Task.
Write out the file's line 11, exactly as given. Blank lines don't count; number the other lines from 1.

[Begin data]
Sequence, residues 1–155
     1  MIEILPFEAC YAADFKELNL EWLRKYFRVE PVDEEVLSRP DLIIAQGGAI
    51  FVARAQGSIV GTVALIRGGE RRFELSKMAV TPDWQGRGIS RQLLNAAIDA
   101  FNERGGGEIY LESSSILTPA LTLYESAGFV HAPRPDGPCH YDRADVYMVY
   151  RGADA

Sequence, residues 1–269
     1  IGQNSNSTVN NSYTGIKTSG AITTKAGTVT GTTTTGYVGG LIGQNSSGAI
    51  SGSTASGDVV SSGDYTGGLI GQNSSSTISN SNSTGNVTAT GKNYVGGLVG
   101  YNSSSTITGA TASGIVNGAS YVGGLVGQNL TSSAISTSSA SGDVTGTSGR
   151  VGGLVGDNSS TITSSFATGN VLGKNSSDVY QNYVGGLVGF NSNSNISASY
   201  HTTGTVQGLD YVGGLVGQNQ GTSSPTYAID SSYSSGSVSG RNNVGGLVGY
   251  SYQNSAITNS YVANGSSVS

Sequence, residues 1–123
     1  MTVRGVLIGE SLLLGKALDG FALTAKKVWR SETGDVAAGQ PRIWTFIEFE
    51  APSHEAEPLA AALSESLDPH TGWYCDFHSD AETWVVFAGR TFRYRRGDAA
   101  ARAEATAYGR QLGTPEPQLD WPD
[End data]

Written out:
   201  HTTGTVQGLD YVGGLVGQNQ GTSSPTYAID SSYSSGSVSG RNNVGGLVGY